Thank you Cheryl Breuer for this informative and mouth watering article on Madison’s vegan goodies.
When vegan chef Chloe Coscarelli won Cupcake Wars on Food Network last year, I did a fist pump of victory for fellow vegans everywhere. The judges marveled at Coscarelli’s moist, delicious creations baked without eggs or butter and frosted without cream cheese, validating on national television what many vegans already know. Done well, vegan cakes, pies and desserts are every bit as complex and flavorful as their non-vegan counterparts.
Fortunately for Isthmus readers with a vegan sweet tooth, there are a growing number of choices available in the Madison area. Here are some of my favorites. Read the entire article here:
Plant Based Diet
No matter what one calls it, this lifestyle can save your life, not to mention the lives of thousands of animals. Set aside 50 minutes to watch this excellent look into Pres. Bill Clinton’s amazing life turnaround since he embraced a plant based, vegan diet.
In this hour-long CNN documentary, Sanjay Gupta investigates whether diet and the latest diagnostic tests are enough to prevent every heart attack. During the medical journey of discovery, Dr. Gupta talks to former President Clinton, cutting edge doctors and puts his own heart under the microscope as he offers practical advice and hard science to shows how we could have…The Last Heart Attack.
Who would have thought that in the land of cheese and brats you would find a thriving vegan community?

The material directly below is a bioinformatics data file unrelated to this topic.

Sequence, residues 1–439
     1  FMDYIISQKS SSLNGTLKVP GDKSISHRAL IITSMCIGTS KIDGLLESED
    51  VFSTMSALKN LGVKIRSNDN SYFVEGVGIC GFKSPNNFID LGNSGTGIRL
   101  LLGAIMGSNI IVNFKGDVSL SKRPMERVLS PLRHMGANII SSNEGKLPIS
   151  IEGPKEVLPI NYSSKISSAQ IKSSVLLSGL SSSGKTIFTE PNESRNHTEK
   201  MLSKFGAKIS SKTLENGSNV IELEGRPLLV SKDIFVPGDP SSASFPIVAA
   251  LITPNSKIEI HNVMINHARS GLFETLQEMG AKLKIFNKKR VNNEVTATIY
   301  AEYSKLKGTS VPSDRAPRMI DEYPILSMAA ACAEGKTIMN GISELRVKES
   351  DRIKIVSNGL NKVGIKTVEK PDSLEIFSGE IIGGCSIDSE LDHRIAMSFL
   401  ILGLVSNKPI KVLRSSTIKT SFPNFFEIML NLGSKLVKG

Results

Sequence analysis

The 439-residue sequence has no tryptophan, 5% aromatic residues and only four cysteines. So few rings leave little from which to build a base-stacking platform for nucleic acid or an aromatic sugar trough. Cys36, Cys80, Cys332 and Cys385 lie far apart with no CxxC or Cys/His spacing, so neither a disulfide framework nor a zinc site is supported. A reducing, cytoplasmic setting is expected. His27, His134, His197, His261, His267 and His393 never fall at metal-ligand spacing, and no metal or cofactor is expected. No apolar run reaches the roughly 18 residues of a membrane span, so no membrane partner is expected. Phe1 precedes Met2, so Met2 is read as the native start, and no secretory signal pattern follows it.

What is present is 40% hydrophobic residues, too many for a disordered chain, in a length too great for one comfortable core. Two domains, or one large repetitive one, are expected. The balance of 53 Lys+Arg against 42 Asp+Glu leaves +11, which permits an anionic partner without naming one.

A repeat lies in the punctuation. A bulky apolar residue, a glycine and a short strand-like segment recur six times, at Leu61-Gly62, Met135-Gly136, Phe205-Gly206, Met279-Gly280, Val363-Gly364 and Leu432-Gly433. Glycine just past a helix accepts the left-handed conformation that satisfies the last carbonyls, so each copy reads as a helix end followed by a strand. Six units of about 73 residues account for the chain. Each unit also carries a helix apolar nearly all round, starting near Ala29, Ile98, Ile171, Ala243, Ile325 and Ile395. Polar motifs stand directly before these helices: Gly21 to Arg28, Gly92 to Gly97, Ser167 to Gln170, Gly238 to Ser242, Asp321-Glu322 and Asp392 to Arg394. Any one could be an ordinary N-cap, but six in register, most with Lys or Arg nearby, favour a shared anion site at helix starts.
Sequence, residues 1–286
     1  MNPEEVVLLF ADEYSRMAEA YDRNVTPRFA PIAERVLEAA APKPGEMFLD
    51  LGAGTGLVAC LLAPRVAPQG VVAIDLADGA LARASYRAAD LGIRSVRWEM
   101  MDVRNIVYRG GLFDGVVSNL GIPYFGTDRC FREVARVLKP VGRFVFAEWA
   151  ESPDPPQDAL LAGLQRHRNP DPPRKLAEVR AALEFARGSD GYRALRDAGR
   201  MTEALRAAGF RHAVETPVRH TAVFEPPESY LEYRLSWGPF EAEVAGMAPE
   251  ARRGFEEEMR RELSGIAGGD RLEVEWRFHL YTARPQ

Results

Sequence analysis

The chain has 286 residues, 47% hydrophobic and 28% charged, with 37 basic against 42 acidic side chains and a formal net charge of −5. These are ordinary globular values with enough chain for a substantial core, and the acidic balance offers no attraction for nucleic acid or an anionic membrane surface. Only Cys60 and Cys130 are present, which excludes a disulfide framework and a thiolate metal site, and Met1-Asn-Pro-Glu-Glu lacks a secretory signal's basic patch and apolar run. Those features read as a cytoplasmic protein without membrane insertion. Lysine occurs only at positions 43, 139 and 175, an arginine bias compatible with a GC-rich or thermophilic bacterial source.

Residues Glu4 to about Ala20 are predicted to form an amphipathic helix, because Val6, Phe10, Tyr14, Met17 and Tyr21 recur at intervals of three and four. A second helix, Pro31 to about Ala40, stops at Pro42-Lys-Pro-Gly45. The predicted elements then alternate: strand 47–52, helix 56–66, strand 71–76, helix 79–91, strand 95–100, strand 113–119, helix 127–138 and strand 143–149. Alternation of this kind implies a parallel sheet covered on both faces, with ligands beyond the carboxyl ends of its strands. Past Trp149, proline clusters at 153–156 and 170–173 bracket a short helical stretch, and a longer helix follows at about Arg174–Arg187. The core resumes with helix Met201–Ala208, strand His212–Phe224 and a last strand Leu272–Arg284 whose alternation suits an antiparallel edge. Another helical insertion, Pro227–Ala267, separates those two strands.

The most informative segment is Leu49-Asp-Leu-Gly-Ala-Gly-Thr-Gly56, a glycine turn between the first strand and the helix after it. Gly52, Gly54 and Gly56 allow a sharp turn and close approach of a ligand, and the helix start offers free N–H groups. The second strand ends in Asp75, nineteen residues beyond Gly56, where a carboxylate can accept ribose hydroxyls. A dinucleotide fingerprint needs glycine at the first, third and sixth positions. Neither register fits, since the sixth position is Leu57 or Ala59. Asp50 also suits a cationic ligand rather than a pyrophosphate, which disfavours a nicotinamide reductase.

It’s true, every day Milwaukee is becoming more and more vegan friendly.
The Vegan Milwaukee site is here to help you whether you’re a visiting vegan from out of town, a new vegan looking to find out where to eat, or a long-time vegan who wants to connect with other like-minded people and continue to expand your horizons.
We’re here to serve you, so please feel free to send in your suggestions and ideas to help us provide the kind of information you need.
So…relax, take a look around, tell your friends and share your ideas. We want you to feel right at home!
I don’t eat lamb…You feel guilty. It just feels kind of like…they are very gentle. Well, cows are [gentle, too, but] we eat them. I don’t know how to describe it….It seems like everybody eats cow. It’s affordable and there are so many of them but lambs are just different….Seems like it’s okay to eat a cow but it’s not okay to eat a lamb…the difference is weird.
Interview subject: 43-year-old meat eater
I don’t [think of animals raised for meat as individuals]. I wouldn’t be able to do my job if I got that personal with them. When you say “individuals,” you mean as a unique person, as a unique thing with its own name and its own characteristics, its own little games it plays? Yeah? Yeah, I’d really rather not know that. I’m sure it has it, but I’d rather not know it.
Interview subject: 31-year-old meat cutter